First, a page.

An evaluation is made of the computer analysis results of a study which used Seasat satellite radar data obtained in 1978 and Shuttle Imaging Radar-B data obtained in 1984. The change-detection procedures employed demonstrate that deforestation and reforestation activities can be effectively monitored on the basis of radar data gathered at satellite altitudes. The computer-processing techniques applied to the data encompassed (1) overlay display, (2) ratios, (3) differences, (4) principal-component analysis, and (5) classification; of these, overlay display is noted to quickly and easily yield a qualitative display of the multidate data.

  17. Noise radar with broadband microwave ring correlator

    Science.gov (United States)

    Susek, Waldemar; Stec, Bronislaw

    2011-06-01

    A principle of quadrature correlation detection of noise signals using an analog broadband microwave correlator is presented in the paper. Measurement results for the correlation function of noise signals are shown and application of such solution in the noise radar for precise determination of distance changes and velocity of these changes is also presented. Results for short range noise radar operation are presented both for static and moving objects. Experimental results using 2,6 - 3,6 GHz noise like waveform for the signal from a breathing human is presented. Conclusions and future plans for applications of presented detection technique in broadband noise radars bring the paper to an end.

  18. Highly Integrated Radar Sensor-on-Chip

    Science.gov (United States)

    Mende, Ralph

    2012-05-01

    A highly integrated 24 GHz radar sensor is presented, based on a Radio Frequency Integrated Circuit (RFIC) which was specifically developed for a Frequency Modulated Shift Keying (FMSK) based Radar system design. Antenna, waveform, the Radio Frequency (RF) and Digital Signal Processor (DSP) module, the software design, cost and performance aspects will be described. The significant technical and economical advantages of the implemented Silicon-Germanium (SiGe) Bipolar CMOS (BiCMOS) transceiver are demonstrated. Some automotive and other applications based on this technology and new radar system design will be explained.

  19. Modeling Characteristics Of Surfaces For Radar Polarimetry

    Science.gov (United States)

    Van Zyl, Jakob J.; Zebker, Howard A.; Durden, Stephen L.

    1992-01-01

    Paper reviews mathematical models of polarimetric radar backscattering characteristics of various types of terrain; forests, grasslands, and lava fields. Represents approach to imaging radar polarimetry in which one accumulates models predicting realistic polarization signatures and represent distinct scattering processes, without attempting full vector solutions of Maxwell's equations in all cases. Idea to develop ability to invert models to identify unknown terrain depicted in polarimetric radar images. Describes models, major scattering characteristics predicted by models, and interpretation of characteristics in terms of dominant scattering mechanisms. Models predict realistic polarization signatures.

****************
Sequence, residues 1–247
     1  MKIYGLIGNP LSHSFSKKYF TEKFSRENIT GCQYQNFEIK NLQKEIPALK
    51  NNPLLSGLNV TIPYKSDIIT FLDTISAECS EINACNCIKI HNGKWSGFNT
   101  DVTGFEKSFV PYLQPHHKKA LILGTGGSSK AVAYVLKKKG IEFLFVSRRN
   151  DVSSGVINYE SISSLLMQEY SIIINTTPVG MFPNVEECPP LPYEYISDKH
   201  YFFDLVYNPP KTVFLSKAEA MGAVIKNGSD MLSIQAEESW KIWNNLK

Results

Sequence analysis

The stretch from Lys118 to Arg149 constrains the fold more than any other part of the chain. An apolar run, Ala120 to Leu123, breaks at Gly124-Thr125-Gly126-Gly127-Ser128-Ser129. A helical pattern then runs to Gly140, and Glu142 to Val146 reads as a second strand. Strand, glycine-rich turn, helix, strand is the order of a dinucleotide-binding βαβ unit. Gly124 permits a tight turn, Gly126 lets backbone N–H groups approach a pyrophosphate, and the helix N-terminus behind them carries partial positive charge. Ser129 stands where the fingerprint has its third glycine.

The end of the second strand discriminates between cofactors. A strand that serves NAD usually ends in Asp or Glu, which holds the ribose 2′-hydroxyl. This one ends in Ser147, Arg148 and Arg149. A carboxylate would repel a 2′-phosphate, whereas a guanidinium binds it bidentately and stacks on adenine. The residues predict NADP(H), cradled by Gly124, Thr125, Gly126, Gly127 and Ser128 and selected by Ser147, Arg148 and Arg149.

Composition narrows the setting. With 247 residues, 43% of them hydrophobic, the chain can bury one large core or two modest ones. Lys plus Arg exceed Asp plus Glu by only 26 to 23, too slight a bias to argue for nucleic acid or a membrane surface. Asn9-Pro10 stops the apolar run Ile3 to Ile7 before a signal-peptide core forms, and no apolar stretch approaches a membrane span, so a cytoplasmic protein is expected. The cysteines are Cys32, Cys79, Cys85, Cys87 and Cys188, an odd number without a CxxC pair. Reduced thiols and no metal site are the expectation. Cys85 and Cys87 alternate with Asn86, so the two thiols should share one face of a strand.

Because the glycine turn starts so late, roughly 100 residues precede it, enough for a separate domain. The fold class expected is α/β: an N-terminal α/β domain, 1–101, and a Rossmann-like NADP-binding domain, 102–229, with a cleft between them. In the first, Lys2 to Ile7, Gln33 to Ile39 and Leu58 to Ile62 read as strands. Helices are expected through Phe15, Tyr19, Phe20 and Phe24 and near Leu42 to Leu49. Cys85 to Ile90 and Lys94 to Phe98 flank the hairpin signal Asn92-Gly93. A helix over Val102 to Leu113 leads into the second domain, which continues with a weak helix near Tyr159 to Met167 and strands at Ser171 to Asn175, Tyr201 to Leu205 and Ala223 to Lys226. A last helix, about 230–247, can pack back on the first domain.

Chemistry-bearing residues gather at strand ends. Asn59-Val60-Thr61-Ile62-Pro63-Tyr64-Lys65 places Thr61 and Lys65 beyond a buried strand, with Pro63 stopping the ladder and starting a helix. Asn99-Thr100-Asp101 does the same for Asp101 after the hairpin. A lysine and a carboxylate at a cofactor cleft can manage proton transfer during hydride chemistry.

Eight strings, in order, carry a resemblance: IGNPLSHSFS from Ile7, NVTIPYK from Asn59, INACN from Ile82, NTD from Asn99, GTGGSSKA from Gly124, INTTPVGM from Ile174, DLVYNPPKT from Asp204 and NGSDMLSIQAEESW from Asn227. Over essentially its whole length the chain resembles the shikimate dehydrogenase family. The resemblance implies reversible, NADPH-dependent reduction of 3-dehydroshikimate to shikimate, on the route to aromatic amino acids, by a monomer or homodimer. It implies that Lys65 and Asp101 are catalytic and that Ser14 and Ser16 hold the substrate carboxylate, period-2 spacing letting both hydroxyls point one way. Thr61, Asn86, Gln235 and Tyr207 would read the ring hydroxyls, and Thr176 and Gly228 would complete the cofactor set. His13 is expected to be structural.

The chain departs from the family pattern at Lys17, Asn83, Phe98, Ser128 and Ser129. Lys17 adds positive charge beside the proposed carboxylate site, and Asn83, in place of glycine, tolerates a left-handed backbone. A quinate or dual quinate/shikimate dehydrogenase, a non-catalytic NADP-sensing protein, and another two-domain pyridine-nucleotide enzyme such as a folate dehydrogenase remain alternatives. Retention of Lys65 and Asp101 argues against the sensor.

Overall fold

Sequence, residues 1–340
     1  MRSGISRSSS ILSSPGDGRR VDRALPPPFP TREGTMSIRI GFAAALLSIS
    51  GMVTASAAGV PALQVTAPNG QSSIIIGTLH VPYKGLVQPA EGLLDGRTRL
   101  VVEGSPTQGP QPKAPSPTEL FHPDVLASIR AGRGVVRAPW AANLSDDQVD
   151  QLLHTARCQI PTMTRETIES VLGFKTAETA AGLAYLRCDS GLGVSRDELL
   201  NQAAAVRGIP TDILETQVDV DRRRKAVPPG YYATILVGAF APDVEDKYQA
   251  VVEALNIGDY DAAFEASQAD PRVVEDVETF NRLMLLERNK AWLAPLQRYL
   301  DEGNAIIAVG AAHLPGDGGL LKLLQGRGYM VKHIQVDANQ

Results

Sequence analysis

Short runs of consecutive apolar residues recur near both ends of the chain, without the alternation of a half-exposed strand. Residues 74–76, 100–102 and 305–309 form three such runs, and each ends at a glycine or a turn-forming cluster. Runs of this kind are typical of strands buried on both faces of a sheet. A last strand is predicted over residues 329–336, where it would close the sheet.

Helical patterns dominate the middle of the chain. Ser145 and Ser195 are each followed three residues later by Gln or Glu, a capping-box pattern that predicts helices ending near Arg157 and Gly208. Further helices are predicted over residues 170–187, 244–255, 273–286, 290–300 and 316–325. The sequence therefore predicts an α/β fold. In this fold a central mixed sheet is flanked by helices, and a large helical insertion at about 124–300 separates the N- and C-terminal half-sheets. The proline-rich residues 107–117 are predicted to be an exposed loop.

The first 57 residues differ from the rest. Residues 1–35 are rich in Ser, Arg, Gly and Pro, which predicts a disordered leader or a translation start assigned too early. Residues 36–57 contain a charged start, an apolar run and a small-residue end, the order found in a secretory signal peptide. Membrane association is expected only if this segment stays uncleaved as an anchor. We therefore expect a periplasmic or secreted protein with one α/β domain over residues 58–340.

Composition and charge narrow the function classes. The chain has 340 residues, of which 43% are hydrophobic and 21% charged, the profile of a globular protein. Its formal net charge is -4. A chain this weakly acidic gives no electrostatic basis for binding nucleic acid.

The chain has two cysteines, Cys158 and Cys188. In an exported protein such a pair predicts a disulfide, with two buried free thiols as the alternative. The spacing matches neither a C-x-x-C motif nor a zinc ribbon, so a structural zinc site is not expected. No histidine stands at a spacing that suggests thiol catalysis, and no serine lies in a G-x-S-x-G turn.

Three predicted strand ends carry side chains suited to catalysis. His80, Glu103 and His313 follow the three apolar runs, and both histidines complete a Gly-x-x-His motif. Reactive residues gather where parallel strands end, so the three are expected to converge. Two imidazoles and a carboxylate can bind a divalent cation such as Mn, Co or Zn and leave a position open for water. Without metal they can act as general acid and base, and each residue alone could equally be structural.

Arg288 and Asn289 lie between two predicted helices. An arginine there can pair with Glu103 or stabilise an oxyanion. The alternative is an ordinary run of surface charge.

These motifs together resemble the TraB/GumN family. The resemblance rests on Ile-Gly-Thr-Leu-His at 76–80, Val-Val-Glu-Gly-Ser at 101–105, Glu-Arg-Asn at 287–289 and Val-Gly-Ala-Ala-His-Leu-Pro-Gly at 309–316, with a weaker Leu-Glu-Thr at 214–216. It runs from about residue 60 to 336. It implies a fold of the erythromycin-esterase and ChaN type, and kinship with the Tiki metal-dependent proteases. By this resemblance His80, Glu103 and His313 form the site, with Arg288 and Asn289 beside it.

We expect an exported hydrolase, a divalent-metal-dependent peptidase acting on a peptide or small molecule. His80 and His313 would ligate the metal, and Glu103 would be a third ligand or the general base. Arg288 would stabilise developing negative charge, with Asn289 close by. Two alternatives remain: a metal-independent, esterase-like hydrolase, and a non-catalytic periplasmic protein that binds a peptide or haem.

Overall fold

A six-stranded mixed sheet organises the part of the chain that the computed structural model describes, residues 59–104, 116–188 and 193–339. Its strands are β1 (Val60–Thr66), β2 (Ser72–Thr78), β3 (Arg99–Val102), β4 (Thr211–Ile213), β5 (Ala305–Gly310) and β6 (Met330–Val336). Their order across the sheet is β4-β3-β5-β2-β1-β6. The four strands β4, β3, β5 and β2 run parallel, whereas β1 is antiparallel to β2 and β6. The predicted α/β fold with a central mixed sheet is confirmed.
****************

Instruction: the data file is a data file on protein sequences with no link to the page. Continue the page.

20. Radar Exploration of Cometary Nuclei

    Science.gov (United States)

    Gim, Yonggyu; Heggy, E.; Belton, M.; Weissman, P.; Asphaug, E.

    2012-10-01

    We have developed a mission formulation, based on the use of previously flown planetary radar sounding techniques, to image the 3D internal structure of the nucleus of a Jupiter-family comet (JFC). Believed to originate in the outer solar system and to be delivered recently to the inner solar system from the Kuiper Belt, JFCs are among the most primitive bodies accessible by spacecraft, and are indicated in the 2010 Decadal Survey as primary targets for primitive bodies sample return. We consider a sounder design operating at dual frequencies, 5 and 15 MHz center frequencies with 1 and 10 MHz bandwidths, respectively. Operating from close orbit about the nucleus of a spinning comet nucleus, CORE obtains a dense network of echoes that are used to image its interior structure to 10 m and to map the dielectric properties inside the nucleus to better than 200 m throughout. Clear images of internal structure and dielectric composition will reveal how the nucleus was formed and how it has evolved. Radiometric tracking of the spacecraft orbit will provide an interior mass distribution that constrains the radar-based models of interior composition. High-resolution visible and infrared color images provide surface and exterior boundary conditions for interior models and hypotheses. They present the geology and morphology of the nucleus surface at meter-scales, and the time-evolving activity, structure, and composition of the inner coma. By making global yet detailed connections from interior to exterior, the data from CORE will provide answers to fundamental questions about the earliest stages of planetesimal evolution and planet formation, will be an important complement to the Rosetta mission science, and will lay the foundation for comet nucleus sample return.